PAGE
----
In the second session, we did the same routine, but a little something new developed at the end of the session. We reconvened and discussed how students can use images and Google Drive to submit work. For anything Google, go check out Alice Keeler's website. From that, the conversation evolved into a tutorial for using Twitter as an educational tool. I was more than happy to share the tool that has turned me into the teacher and student that I am today. As you may already know, I attribute everything I have learned and done in the last 10 months to "The Twitter". One attendee, Melody Phillips, started the conference with 1 follower. After the first day, she was super excited to look at her phone and proclaim that she had 14. Melody is a soon-to-be teacher who is going to have a huge impact, so give her a follow and welcome her to this awesome world.
OFF THE BEATEN PATH
When Victoria Olson tells you that you're going to have a drink with Alice and Barton Keeler and Catlin Tucker, you listen. Well, I listened, and we meandered through Alameda to find a rinky-dink bar that had a guy who mysteriously resembled a tattered version of Wolverine as the security guard. It was a hole-in-the-wall setup, which was perfect for a relaxing view of the city and a great chat with some outstanding teachers.
THE BEAT GOES ON
There's no way in the world you can end a night at 8:00 when you have an opportunity to connect with these people in this setting, so we made our way to the fan tail of the ship. While there, Scott Inman, Carrie Ann Gehringer, Kathleen Diver, Erin Lunde, Jon, Drew, Victoria, David, and so many others gathered to chat. We even had a MERIT 13 crew (mentioned way way above) crash the party just in time to see the sun set and join us for the fun. Not on twitter, not through text, but genuine conversation. We talked about anything and everything- school, not school, tech, not tech, and it was awesome. There were some pretty incredible hashtag shenanigans that came up, mostly awkward ones, that kept us laughing for quite some time. I needed that! That, and we had a killer sunset to soak up.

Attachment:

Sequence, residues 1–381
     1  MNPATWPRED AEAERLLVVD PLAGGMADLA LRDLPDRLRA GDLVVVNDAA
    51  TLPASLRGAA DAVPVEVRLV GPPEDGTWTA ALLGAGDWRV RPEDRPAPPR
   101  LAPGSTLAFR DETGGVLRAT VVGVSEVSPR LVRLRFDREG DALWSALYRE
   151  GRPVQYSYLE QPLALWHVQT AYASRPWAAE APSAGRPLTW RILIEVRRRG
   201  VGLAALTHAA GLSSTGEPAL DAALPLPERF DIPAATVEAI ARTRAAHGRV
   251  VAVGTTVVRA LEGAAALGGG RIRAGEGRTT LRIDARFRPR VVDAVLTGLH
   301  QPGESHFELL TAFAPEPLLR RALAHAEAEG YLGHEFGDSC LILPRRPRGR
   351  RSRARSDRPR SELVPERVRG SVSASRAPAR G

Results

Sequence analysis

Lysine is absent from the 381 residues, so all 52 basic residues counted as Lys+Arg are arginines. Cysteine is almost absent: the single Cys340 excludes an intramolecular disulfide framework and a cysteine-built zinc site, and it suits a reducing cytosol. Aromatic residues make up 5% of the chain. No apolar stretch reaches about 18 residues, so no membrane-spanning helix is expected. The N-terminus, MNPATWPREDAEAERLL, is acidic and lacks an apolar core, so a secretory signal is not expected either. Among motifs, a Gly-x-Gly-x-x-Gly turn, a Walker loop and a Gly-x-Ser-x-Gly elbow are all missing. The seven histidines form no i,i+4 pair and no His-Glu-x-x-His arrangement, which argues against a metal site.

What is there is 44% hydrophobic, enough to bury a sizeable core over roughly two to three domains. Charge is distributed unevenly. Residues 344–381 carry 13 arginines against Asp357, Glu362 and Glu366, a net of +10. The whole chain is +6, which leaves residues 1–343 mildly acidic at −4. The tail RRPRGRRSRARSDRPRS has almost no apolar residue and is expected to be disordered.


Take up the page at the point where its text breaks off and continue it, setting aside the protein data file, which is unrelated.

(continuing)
As I made my way down to the berthing (not birthing... totally different) area, I met a volunteer on the carrier named "Doc". He seemed a little sketchy at first, but I quickly found out that this guy was an encyclopedia containing some incredible stories about the Hornet's past. I'm not going to claim to be a history buff, but some things that impressed me about our conversation were (I do not claim these as accurate... They were quickly jotted down using my iPhone):
- Women built the majority of this ship (the men were at war)
- There is a significant prayer that soldiers believe blessed the ship
- The Hornet spent a period in which she didn't port for 18 months
- For 14 of those months, she was in 59 major battles
- The USS Hornet was never hit by enemy fire during those 59 battles
- Only ship in history with that clean of a record
- 10 pilots made "Ace" in one day
I wish I would've taken better notes, truly. Not only for you, but for me. I was just so overwhelmed with the content that was being shared. He closed our conversation saying that soldiers were asked if they were up for the challenge, responding "We're Hornets, sir".
Before we split, he reminded me that "You sleep where Hornets slept". The patriot in me had a profound respect for Doc, the boat, and the men who served aboard her all those years.
You need to leave an impression on people, and I firmly believe in doing so by making them feel good. Well, most of the time. Our second day was sure to be just as much fun as day one, so let's have some fun right off the bat. Being the last shredder in these sessions afforded me the opportunity to pull out some Mr. T, heckling the other presenters and their sessions. The only problem was that the aforementioned Keeler and her timer kicked me off stage before I could even get to what my session was all about. It's alright, it was well worth the time on stage to get people fired up. On top of that, I got an epic shout out from Karl and had Catlin offer an online rebuttal.